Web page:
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What Botswana Low Water Levels Mean for Your Okavango Delta Safari

What Botswana Low Water Levels Mean for Your Okavango Delta Safari

As the current water levels are lower than usual, your Okavango Delta safari is set to be filled with great wildlife sightings and stunning landscape photos whilst on foot or in the game drive vehicle.

Water levels of the Okavango Delta, a unique and ever-changing ecosystem, are dependent on the annual rainfall at its source in the Central Highlands of Angola, thousands of kilometres away, where the flood waters originate. Across Southern Africa, rainfall levels have been less than average this year, which this has led to a particularly dry winter across Botswana and low flooding in the Okavango Delta. This is to be expected, as every decade rainfall patterns shift resulting in drier years than normal.

So, what does this mean for your safari?

Under One Botswana Sky, Botswana, Okavango Delta, Botswana Safari, Okavango Delta Safari, Botswana Low Water Levels, Botswana Dry Season, Dry Season Safari

© Joyce Edwards

If you are coming on safari to Botswana over this period, you will likely have to swap the water-based activities for excellent game-viewing. So, it’s not such a bad trade-off after all! Mokoro trips, motorised boat cruises and fishing activities are dependent on water levels and not all camps will be able to offer these activities at present due to lower than average water levels.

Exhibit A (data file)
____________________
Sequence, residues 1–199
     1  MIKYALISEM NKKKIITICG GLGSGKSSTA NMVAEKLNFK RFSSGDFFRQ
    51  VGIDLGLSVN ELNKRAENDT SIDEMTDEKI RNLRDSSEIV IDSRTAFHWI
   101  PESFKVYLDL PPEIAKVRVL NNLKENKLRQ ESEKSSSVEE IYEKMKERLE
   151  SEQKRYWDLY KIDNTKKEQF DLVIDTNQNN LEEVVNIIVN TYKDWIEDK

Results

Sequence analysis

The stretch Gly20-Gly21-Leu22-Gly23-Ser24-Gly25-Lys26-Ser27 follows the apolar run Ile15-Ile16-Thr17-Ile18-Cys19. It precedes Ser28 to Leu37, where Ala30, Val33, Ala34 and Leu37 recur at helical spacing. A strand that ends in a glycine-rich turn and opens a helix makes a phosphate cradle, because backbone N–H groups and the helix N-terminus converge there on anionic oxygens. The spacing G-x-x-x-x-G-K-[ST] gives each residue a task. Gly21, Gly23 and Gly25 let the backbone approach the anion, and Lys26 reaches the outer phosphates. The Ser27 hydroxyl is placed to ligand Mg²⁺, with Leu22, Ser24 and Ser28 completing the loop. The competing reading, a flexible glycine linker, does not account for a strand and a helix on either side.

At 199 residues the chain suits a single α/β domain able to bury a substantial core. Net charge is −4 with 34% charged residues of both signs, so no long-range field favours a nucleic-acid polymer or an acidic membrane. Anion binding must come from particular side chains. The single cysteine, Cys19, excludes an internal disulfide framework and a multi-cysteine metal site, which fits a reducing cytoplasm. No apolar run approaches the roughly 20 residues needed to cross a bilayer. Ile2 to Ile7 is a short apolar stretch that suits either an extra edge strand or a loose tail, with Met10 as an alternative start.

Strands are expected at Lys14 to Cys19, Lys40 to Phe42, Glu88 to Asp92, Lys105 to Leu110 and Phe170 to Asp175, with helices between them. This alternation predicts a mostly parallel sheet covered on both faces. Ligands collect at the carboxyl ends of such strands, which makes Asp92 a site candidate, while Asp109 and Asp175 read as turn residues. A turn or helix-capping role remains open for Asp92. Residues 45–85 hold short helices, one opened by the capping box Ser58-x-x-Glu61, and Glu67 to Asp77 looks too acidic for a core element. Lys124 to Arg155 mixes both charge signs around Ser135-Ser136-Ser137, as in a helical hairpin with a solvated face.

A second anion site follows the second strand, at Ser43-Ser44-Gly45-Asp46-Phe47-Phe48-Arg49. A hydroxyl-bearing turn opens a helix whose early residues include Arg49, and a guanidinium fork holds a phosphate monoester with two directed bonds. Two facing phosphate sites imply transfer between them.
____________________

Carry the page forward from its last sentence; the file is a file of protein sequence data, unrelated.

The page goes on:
Our camps and lodges are open and operating as usual, except for water activities which have been suspended from early April until recently. The good news is that Moremi Crossing and Gunn’s Camp are still able to offer short mokoro trips. Mma Dinare and Rra Dinare camps along with Pom Pom are still only offering land activities at this time. Water levels are still extremely low and therefore unsafe for the mokoro activity, as there are large pods of hippos in the sparse pools of water that remain.

Read: Seasonal Botswana – Dry Season Safari

The upside is, of course, that this dryness creates perfect conditions for some great game viewing opportunities. This is because wildlife is forced to journey to and concentrate around the limited permanent water sources, while the thinning bush and short grasses means fewer places for animals to shelter within. An excellent way of experiencing Botswana’s remote wilderness is journeying out on foot on a walking safari. These guided bush walks are approximately three hours long and the pace is slow to encourage an immersive connection with nature.

 

Under One Botswana Sky, Botswana, Okavango Delta, Botswana Safari, Okavango Delta Safari, Botswana Low Water Levels, Botswana Dry Season, Dry Season Safari

© Reto Boltshauser

Get in touch with us to find out more on what the coming months have in store for your safari.

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